The most widely cited element of this design is, of course, the playground, designed for hard active wear and little maintenance. Friedberg condensed a mountain, a tunnel, and a tree house into a single play environment linked by planks, cable, ropes, slides, and climbing bars. In Play and Interplay, he claims, The moving from one experience to the next is an experience in itself. The choice of what to do next becomes an experience. The more complex the playground, the greater the choice and the more enriched the learning experience… The concept of linked play provides play activity far beyond [a] number of play pieces employed in isolation.9

Friedberg proposed linking the plaza to Tompkins Square Park by permanently closing two streets to through traffic, and redesigning them with the same rich inventiveness.

The plaza was demolished in the 1990s and the new design includes all the telltale signs of today’s preoccupation with safety. Friedberg claims the plaza’s demolition was “the rejection of faith in people... It suggests that people should be denied the use of their own space. It only addresses the symptoms of the problem.”10

Karl Linn serves as the final example demonstrating the alliance between preservation and urban landscape architectural practice in the 1960s. As Jews living in Germany, Linn’s family was forced to flee to Palestine in the 1930s. Like Halprin, Linn founded a kibbutz in Israel, after which he headed to Switzerland to train as a psychoanalyst. He immigrated to New York in 1948, to study the body-oriented therapy developed by Wilhelm Reich. Yet with a background in agriculture and gardening, Linn ultimately entered the “healing” profession of landscape architecture. In 1959 he accepted Ian McHarg’s invitation to join the faculty of Landscape Architecture at the University of Pennsylvania. It was at Penn that Linn developed his concept of the “Neighborhood Commons,” in response to the physical conditions of ghettoized environments and the disruptive effects of urban renewal programs on the urban poor.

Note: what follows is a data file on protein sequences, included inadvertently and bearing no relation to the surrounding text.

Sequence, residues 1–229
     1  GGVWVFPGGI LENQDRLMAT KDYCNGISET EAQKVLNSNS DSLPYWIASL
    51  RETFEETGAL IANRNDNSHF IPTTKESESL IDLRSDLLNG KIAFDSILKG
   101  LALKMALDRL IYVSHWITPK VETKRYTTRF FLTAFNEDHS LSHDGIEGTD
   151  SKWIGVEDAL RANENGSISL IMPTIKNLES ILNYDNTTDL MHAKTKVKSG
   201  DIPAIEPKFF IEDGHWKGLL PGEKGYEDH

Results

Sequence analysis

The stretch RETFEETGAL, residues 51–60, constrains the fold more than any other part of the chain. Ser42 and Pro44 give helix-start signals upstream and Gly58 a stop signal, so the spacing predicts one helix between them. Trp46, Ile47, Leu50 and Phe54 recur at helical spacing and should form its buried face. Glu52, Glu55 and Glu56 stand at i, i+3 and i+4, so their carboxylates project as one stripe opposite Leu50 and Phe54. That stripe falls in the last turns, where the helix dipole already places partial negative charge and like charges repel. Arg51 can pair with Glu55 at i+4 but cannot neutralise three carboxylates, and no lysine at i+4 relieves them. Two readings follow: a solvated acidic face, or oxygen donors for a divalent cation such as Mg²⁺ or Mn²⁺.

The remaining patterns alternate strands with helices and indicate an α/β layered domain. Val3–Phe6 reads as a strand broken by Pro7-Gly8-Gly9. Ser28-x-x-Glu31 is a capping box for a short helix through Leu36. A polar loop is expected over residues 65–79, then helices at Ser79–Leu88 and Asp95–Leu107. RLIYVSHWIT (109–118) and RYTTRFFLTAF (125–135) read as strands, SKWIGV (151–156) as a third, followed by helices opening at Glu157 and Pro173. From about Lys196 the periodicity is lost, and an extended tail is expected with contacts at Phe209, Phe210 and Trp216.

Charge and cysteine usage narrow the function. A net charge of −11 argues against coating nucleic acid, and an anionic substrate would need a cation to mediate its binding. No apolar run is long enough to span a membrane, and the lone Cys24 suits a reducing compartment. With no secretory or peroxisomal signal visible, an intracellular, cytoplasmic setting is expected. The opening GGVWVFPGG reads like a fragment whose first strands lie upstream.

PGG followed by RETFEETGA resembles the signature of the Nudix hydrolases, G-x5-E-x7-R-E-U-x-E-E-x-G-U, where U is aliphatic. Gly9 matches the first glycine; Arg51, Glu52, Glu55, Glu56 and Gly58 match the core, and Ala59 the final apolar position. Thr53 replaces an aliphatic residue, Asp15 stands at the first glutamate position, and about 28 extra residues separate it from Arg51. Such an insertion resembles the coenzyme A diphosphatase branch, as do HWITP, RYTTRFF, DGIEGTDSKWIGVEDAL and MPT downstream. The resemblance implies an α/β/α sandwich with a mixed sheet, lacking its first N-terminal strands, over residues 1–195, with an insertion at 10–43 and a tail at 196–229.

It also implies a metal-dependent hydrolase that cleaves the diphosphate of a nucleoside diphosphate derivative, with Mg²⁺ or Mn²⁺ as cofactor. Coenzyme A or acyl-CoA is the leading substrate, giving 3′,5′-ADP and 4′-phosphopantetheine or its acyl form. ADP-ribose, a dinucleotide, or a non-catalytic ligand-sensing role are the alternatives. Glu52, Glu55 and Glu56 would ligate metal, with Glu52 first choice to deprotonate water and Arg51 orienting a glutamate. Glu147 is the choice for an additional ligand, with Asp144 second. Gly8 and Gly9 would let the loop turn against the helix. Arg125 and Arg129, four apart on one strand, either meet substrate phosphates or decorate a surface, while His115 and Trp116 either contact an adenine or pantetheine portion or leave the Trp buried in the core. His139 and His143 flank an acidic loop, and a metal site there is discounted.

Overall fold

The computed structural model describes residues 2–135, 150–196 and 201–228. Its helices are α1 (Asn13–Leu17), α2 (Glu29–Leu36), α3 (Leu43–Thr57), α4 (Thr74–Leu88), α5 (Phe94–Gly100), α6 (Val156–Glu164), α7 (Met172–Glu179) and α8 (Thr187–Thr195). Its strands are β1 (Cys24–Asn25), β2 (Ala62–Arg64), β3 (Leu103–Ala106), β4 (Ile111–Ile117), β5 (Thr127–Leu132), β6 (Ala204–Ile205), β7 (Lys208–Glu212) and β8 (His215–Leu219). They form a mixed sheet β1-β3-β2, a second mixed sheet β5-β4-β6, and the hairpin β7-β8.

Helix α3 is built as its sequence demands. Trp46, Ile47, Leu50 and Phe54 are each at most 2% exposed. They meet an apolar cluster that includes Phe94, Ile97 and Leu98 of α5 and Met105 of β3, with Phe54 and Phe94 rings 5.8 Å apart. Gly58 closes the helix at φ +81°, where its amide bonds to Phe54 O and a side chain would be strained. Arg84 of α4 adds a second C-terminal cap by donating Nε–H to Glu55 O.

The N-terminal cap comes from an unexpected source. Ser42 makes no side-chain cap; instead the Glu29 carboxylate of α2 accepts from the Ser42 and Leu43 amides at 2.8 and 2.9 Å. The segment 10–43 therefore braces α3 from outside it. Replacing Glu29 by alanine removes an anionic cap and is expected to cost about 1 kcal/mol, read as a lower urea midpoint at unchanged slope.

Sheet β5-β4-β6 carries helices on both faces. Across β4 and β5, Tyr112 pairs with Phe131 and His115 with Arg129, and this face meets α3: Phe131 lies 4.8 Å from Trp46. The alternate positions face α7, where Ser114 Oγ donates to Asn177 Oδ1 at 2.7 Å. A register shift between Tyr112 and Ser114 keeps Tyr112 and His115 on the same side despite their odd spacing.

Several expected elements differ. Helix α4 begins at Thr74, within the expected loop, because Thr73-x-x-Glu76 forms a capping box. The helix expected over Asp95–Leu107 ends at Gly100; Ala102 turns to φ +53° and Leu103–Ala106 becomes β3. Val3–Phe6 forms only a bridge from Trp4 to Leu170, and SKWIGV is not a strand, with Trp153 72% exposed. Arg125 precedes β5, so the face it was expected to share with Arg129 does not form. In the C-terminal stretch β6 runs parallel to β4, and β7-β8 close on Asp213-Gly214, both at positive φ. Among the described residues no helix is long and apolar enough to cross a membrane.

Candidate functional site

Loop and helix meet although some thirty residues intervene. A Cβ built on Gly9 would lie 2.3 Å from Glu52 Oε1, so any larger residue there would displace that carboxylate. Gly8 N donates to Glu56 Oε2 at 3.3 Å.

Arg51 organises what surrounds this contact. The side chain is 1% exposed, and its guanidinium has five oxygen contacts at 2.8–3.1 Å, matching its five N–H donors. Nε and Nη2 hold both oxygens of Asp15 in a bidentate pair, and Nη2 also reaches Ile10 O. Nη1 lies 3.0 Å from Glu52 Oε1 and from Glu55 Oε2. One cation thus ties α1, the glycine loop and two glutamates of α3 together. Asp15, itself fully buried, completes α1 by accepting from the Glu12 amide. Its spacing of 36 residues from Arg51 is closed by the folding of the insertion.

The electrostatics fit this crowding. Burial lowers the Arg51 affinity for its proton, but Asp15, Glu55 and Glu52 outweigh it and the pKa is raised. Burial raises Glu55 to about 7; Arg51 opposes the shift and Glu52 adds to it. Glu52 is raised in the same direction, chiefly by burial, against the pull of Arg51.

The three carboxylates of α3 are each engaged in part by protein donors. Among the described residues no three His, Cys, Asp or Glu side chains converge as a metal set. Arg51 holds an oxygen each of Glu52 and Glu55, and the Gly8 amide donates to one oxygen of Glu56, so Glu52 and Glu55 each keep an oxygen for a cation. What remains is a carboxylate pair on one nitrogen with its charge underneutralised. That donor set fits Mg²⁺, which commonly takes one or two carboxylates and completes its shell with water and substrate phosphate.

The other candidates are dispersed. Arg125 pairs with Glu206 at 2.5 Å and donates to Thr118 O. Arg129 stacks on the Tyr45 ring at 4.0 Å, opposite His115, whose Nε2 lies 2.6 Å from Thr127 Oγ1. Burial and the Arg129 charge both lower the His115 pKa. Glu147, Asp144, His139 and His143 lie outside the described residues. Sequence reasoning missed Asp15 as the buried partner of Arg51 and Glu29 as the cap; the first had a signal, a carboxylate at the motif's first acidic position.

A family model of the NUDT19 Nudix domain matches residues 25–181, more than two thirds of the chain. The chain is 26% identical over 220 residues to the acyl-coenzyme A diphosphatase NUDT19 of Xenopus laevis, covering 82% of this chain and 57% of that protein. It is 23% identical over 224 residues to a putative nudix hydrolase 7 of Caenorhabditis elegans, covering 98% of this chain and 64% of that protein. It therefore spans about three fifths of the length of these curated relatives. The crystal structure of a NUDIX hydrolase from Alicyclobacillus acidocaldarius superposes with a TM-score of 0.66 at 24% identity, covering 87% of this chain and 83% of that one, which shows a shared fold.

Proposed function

With his students, Linn worked with underserved communities of Philadelphia to develop these “Commons” on the vacant lots that were tangible reminders of municipal neglect. At Melon Commons in North Philadelphia, for instance, Linn and his students initially took a community resource inventory to find out what skills people had, what tools they owned, and how people in that neighborhood used or appropriated space. Based on the availability of resources, they tried to articulate a design that the people could implement using salvaged material from sweeping urban renewal demolitions in these areas. About improvising with such salvage, Linn claimed:

In human habitat… the incremental historical deposits of a place imbue the physical environment with a feeling of timelessness. Residues of former buildings, trees, and landscape features create an air of familiarity. ‘Historic’ building materials bearing the imprint of use and weather confer a sense of relatedness, which is often sorely lacking in new constructions.11

Melon Commons was demolished in the late 1960s. Because Linn’s interventions might be deemed grassroots, in contrast to the city-sanctioned interventions of Halprin and Friedberg, many of the commons were quickly razed in the name of continuing “renewal.” Yet Linn argues for the value of such spaces in the city: